Know the duress presented by the 4 procure-to-pay steps
Sorting out procure to pay is a journey. This is often an over-used word, but it sticks here because it’s so fitting. There are four steps in this journey: centralisation, consolidation, standardisation, and automation.
The general assumption is that the first two steps are the hard ones and the latter two steps are ‘easy’. The terms that are used for the first two include ‘organisational transformation’ and ‘re-engineering’. If you have done these two, it is generally considered that you have ‘done’ shared services (though I would beg to differ). So all those that have been through steps one and two believe that this is the hard bit, and that the next two steps are a breeze.
What adds to this pre-conception is that steps three and four are commonly referred to as ‘continuous improvement’.
This label suggests these steps are lower-investment and a walk in the park compared to steps one and two.
This is wrong.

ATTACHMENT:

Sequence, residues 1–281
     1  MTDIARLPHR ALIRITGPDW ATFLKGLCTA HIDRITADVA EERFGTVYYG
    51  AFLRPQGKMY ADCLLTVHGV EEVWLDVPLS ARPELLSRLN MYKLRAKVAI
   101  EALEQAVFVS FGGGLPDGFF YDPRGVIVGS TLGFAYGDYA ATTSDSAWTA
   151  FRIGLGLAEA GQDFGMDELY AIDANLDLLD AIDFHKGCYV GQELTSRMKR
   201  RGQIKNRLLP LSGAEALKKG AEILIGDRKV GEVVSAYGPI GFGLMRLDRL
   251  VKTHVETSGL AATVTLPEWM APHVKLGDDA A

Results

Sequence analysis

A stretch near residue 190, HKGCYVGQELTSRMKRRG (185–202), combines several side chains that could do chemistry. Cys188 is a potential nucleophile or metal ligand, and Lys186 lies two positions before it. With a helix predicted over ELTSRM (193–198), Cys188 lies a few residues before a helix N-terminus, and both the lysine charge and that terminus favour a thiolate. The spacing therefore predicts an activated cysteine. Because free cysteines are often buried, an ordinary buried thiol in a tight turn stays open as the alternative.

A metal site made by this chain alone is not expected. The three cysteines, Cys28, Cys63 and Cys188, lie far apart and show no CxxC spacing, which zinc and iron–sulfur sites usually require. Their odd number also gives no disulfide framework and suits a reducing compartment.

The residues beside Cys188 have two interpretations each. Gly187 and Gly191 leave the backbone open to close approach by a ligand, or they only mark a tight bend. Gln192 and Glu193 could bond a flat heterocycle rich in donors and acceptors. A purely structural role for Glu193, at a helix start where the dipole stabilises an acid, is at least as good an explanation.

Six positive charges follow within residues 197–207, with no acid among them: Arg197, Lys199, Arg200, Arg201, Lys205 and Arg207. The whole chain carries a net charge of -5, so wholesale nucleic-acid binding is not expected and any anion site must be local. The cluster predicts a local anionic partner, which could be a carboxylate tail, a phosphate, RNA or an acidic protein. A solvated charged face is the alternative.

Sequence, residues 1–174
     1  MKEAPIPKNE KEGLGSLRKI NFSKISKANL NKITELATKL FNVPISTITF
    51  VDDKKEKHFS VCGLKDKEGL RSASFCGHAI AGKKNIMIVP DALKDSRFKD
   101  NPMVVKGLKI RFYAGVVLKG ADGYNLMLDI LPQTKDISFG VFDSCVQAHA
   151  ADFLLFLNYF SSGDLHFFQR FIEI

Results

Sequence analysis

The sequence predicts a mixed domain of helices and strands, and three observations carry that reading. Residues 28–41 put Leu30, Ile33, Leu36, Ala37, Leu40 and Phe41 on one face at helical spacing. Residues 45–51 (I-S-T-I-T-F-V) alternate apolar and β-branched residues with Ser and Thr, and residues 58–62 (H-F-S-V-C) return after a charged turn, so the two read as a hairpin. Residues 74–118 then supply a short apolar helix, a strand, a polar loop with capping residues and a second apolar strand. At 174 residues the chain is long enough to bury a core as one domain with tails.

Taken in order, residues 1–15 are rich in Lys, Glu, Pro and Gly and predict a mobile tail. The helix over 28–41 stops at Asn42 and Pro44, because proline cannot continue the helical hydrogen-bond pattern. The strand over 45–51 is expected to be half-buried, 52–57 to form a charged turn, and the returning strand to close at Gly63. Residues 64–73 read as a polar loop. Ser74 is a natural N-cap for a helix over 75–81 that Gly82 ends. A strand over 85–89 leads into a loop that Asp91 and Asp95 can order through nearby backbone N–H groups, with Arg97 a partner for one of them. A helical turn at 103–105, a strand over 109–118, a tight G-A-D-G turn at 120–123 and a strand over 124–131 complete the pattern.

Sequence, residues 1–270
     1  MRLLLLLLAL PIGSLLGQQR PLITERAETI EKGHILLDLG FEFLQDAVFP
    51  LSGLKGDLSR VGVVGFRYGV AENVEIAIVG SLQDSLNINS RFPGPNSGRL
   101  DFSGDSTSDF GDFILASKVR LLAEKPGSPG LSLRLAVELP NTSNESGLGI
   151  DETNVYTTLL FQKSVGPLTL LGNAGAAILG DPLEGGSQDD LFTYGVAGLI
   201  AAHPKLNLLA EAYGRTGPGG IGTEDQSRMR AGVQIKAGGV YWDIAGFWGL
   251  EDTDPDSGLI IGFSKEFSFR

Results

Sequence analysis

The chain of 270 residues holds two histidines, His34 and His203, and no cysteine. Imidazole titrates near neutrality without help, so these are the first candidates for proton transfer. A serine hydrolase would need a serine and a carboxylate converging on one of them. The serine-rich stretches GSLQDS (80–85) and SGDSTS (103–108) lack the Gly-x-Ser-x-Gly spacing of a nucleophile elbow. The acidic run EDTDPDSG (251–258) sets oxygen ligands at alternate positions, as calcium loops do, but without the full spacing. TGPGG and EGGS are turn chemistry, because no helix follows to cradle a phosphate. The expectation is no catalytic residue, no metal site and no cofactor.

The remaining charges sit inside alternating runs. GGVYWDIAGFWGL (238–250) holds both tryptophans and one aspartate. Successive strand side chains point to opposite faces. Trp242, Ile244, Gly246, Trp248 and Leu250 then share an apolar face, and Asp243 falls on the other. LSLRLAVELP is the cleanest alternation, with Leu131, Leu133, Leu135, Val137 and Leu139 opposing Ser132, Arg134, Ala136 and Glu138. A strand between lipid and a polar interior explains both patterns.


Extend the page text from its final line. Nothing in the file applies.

Steps three and four are harder than the first two. The reason being is that the process of centralisation and consolidation are undisputedly significant, but success dependencies lie exclusively within the confines of the company, ie within your circle of influence and maybe even control.
When you get to standardising a process, and then automate it, the success of your project lies with how well your suppliers play ball.
This is complicated for many reasons:
1/ Most high volume procure to pay organisations have 1,000 to 100,000 suppliers. To get all these separate organisations to comply with your required changes like quoting a PO in order to get paid, or sending an invoice electronically, takes a huge communications effort.
2/ To successfully standardise the purchase to pay process means finance and procurement have to become bed-fellows. Without this alignment, the end-to-end standardisation will falter. You can actually progress quite well with steps one and two without this alignment, but collaboration for steps three and four is critical.
3/ Getting all your invoices into one location is relatively straight forward. But getting all those invoices to match first time is less so. Often companies start with 50% exceptions. This 50% can equal one million transactions. To fix all these invoices takes focused, precise attention, often beginning with an investigation.
When companies realise that it’s the standardisation and automation steps that are harder than the centralisation and consolidation, there will be a much needed shift in how a company plans, budgets and resources for these changes.